A shaded boundary inside the Villa Margherita gardens

Although referred to as a “villa” the Villa Margherita is a public garden that was established in honour of Queen Margherita. It is bounded by broad tree-lined paths with colourful flowers in the central areas.

Bougainvillea, palms and exotic trees in flower in Villa Margherita

There are statues of a variety of famous people dotted around the gardens and a nice water feature at the top end. We spent 30 minutes here (histograms, manual controls).

Piazza Vittorio Veneto

Moving on, we then walked to Piazza Vittorio Veneto, named after the site of a major battle in the Venetian area that ended the Austro-Hungarian empire and contributed to the end of WWI. Around the square are a number of government buildings including the Post Office (under renovation but still operating).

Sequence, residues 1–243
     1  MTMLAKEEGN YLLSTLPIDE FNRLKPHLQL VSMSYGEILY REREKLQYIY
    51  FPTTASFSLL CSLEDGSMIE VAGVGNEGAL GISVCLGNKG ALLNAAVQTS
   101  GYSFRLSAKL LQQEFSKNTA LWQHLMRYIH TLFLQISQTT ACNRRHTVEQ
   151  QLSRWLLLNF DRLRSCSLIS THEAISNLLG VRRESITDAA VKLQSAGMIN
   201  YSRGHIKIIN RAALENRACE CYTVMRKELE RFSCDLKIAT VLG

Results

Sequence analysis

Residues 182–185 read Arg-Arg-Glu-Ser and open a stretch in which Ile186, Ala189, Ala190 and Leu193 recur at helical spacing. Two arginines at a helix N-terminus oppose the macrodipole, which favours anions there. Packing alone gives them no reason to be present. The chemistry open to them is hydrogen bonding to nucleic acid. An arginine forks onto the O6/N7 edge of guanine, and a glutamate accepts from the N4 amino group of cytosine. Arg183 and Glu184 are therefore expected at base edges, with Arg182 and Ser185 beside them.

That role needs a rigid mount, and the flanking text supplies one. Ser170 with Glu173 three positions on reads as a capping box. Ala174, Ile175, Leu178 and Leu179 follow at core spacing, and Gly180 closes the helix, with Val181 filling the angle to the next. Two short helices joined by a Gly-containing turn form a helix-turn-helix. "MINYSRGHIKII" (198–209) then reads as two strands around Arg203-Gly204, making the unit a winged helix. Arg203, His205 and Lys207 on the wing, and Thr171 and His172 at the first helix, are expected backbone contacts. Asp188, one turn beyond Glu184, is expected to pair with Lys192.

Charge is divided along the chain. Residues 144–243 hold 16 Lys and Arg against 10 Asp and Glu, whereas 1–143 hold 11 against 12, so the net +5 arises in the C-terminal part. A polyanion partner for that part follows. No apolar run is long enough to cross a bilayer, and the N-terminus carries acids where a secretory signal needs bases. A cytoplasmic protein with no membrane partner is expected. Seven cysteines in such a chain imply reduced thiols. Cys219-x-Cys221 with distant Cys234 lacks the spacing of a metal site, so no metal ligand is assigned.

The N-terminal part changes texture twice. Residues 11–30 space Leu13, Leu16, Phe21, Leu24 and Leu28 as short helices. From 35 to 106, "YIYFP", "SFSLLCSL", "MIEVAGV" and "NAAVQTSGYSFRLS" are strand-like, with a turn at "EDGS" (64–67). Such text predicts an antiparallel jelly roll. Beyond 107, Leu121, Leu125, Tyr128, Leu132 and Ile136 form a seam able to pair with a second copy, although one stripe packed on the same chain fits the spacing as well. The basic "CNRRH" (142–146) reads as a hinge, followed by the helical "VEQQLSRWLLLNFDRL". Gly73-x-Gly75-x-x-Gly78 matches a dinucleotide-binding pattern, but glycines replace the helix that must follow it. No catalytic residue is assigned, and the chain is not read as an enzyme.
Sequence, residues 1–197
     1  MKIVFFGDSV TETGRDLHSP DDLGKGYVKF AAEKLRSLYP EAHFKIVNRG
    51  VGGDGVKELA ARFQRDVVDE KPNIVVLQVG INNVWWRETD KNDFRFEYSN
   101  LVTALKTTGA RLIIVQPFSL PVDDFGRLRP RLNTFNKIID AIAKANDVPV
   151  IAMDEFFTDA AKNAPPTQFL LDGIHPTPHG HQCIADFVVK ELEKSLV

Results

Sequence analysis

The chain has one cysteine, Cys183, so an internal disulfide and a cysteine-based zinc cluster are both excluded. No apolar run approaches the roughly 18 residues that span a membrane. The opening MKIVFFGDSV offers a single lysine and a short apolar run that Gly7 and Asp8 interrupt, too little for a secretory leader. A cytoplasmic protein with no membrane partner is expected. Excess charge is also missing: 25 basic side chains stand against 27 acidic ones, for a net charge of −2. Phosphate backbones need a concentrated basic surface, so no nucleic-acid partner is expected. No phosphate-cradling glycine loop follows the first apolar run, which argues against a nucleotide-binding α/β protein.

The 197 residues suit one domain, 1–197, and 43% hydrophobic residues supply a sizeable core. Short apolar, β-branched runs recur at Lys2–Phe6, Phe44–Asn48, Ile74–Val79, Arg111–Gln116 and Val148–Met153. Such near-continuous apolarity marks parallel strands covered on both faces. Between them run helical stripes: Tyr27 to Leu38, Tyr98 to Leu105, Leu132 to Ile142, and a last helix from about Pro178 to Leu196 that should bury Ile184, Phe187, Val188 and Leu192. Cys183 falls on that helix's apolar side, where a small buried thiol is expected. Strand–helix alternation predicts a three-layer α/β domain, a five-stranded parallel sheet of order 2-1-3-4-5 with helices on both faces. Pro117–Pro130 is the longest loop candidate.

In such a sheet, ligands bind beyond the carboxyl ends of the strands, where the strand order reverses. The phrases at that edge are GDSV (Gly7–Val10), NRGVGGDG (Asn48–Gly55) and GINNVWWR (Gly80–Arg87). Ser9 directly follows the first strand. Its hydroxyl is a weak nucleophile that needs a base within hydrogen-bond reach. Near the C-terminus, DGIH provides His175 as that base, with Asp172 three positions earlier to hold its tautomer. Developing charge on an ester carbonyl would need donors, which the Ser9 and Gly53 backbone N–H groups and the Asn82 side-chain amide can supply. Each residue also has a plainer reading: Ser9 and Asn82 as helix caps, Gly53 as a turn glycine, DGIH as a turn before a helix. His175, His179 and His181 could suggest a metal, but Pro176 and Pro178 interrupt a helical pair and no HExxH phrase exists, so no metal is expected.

Post Office interior with art deco decoration

The inside of the post office is well worth looking at. It has an art deco style in good condition (contrast, available light). The outside of the building has been partly covered for the last two years but the process of renovating this 90 year-old building seems inordinately slow, though to be fair the work has to be done to last many more years.

Just beyond the Piazza is the start of via Garibaldi.

Via Garibaldi

Via Garibaldi, named after Giuseppe Garibaldi who was instrumental in the unification of Italy and subsequent creation of the Kingdom of Italy, is part of the old town of Trapani. It is closed to traffic other than delivery vehicles. Along the road are a number of historic buildings and churches though the narrowness of via Garibaldi means it is not entirely photogenic.